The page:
Founded in 1922 by some 54 avid sportsmen who were concerned about the deteriorating conditions of America’s top fishing streams, the Izaak Walton League of America (IWL) is an organization of hunters, anglers, outdoor recreationists, and conservationists whose mission is “to conserve, maintain, protect, and restore the soil, forest, water, and other natural resources of the United States and other lands.” Further, the League seeks “to promote means and opportunities for the education of the public with respect to such resources and their enjoyment and wholesome utilization.” Named after the 17th-century English conservationist who wrote the literary classic The Compleat Angler, IWL is a mostly grassroots operation consisting of more than 250 local chapters and approximately 50,000 members nationwide.
During its first several decades, IWL, like most environmental groups of that era, focused its attention primarily on conservation, not politics. But in the 1960s, after the publication of Rachel Carson’s Silent Spring spawned a “second generation” environmental movement — highly confrontational and politicized — many already-established conservation groups began to embrace left-wing agendas. IWL, for its part, identifies the first Earth Day, in 1970, as the key event that initially propelled it into the mainstream of this new movement. To this day, the League regards Earth Day as an important annual occurrence.
Claiming that “no other conservation group in the [U.S.] has had such a profound effect on the nation’s conservation policies,” IWL today administers the following program areas:
The Agriculture Program asserts that “America’s agricultural lands [are] a major source of nonpoint source pollution and can reduce fish and wildlife habitat if not managed right.” In response to this problem, IWL seeks to “conserv[e] farmland and mitigat[e] the impacts of agricultural production on fish, wildlife, and habitat.”
The Energy Program works to “improve air quality by seeking tougher pollution standards for the oldest, dirtiest [coal-burning] power plants”; promote renewable energy by “reducing America’s dependence on coal and oil by advocating for increased energy conservation and the development of clean energy sources” such as wind, sun, and water; and curtail climate change, which the League attributes to the greenhouse-gas emissions generated by human industrial activity. To avoid “drastic and long-term climate changes that will surpass all other environmental crises past and present,” IWL calls for the U.S. to reduce its “combustion of fossil fuels by 60 percent,” embrace “the emission reductions set forth in the Kyoto Protocol,” and pass cap-and-trade legislation.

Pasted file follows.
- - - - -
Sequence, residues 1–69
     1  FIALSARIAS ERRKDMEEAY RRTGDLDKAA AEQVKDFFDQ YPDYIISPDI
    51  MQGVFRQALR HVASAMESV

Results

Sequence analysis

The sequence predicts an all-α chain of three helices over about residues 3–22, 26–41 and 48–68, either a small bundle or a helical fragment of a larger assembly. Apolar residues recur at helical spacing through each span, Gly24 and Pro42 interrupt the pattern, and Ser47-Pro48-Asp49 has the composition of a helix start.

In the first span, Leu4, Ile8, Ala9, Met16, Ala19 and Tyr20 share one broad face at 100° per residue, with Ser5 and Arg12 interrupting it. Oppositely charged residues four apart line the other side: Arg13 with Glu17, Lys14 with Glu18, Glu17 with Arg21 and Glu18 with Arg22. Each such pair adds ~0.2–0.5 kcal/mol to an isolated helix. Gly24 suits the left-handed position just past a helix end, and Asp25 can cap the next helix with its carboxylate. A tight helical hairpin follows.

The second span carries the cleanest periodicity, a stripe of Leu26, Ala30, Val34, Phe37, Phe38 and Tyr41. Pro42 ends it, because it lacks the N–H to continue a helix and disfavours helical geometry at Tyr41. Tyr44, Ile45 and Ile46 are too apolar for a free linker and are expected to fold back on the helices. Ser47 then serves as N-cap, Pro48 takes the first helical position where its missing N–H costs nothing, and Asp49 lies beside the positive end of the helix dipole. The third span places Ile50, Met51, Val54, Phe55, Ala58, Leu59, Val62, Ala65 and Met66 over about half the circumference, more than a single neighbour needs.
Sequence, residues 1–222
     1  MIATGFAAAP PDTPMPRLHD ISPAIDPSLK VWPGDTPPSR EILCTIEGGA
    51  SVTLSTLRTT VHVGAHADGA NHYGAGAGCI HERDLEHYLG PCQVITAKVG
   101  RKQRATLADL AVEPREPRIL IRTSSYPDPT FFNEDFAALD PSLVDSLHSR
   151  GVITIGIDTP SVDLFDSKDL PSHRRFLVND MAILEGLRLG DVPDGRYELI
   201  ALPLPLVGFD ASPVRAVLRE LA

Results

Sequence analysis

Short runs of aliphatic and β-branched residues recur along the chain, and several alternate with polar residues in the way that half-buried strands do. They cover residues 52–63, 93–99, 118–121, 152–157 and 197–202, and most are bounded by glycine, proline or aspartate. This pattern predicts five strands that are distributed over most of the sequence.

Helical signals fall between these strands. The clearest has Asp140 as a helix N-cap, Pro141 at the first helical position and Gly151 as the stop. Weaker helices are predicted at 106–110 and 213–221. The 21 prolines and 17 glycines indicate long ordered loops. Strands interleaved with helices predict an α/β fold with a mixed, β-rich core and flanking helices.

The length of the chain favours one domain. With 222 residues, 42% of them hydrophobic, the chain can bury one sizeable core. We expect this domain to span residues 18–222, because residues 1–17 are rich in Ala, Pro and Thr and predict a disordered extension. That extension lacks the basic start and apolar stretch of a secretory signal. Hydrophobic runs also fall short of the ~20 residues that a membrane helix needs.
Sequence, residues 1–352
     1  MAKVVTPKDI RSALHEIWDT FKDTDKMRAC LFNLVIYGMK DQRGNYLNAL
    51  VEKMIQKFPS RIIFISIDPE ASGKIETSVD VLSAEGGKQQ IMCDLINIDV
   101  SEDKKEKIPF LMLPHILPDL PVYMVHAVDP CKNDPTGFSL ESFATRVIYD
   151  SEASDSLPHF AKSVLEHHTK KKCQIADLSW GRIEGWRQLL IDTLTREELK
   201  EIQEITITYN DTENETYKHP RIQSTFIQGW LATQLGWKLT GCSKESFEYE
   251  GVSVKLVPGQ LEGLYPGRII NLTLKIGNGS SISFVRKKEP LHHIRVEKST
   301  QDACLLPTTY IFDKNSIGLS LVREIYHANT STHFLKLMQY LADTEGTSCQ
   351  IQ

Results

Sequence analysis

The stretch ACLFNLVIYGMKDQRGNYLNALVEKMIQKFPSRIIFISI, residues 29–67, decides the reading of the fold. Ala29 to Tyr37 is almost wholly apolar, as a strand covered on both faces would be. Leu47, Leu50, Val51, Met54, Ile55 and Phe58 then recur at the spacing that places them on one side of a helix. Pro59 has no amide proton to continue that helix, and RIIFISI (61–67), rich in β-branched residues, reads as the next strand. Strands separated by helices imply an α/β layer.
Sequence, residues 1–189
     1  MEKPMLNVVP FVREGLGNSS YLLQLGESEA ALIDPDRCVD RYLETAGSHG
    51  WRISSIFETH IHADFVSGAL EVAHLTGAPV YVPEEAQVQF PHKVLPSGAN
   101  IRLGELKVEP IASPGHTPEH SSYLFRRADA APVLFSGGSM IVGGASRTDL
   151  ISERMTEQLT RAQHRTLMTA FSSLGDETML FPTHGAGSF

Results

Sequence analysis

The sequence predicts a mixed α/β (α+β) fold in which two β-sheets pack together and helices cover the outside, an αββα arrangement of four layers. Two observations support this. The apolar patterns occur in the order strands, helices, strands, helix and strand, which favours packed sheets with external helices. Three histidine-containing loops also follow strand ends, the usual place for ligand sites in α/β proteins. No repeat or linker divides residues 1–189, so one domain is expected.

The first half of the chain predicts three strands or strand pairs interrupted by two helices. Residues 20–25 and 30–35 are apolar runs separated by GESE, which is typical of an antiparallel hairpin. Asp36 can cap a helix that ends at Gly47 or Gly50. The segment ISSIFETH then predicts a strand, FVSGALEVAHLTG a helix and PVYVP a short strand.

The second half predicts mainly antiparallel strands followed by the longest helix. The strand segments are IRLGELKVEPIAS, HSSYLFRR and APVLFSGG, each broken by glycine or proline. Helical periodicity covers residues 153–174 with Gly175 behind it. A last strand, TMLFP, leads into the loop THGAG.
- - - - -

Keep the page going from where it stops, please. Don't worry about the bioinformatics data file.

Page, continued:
The Regional Conservation Program focuses on “restoring watersheds, reducing air pollution, protecting wildlife habitat and open spaces, and instilling conservation ethics in outdoor recreationists.” It devotes special attention to the Boundary Waters Canoe Area Wilderness of northeastern Minnesota, the Chesapeake Bay, the Great Lakes, the Missouri River, and the Upper Mississipi River.
The Sustainability Program urges the U.S. to “balanc[e] economic prosperity and population growth with resource conservation,” so that people can “live a quality life without sacrificing the natural resources that future generations will depend on.”
Other IWL positions are more focused on ideological concerns having little or nothing to do with the environment. For example:
IWL receives funding from the Arca Foundation, the AT&T Foundation, the Compton Foundation, the David and Lucile Packard Foundation, the Energy Foundation, the Howard Heinz Endowment, the John D. and Catherine T. MacArthur Foundation, the Joyce Foundation, Pew Charitable Trusts, the Rockefeller Brothers Fund, the Summit Charitable Foundation, the Turner Foundation, the Vira I. Heinz Endowment, and the William and Flora Hewlett Foundation. The League has also received a number of large government grants from the Environmental Protection Agency.